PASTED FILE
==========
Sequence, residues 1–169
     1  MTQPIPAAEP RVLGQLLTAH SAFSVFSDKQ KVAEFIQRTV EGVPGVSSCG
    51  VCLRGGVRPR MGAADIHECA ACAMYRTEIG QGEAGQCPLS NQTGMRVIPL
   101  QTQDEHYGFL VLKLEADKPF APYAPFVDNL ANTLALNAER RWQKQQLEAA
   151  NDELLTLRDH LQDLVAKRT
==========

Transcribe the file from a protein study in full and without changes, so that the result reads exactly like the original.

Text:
Sequence, residues 1–169
     1  MTQPIPAAEP RVLGQLLTAH SAFSVFSDKQ KVAEFIQRTV EGVPGVSSCG
    51  VCLRGGVRPR MGAADIHECA ACAMYRTEIG QGEAGQCPLS NQTGMRVIPL
   101  QTQDEHYGFL VLKLEADKPF APYAPFVDNL ANTLALNAER RWQKQQLEAA
   151  NDELLTLRDH LQDLVAKRT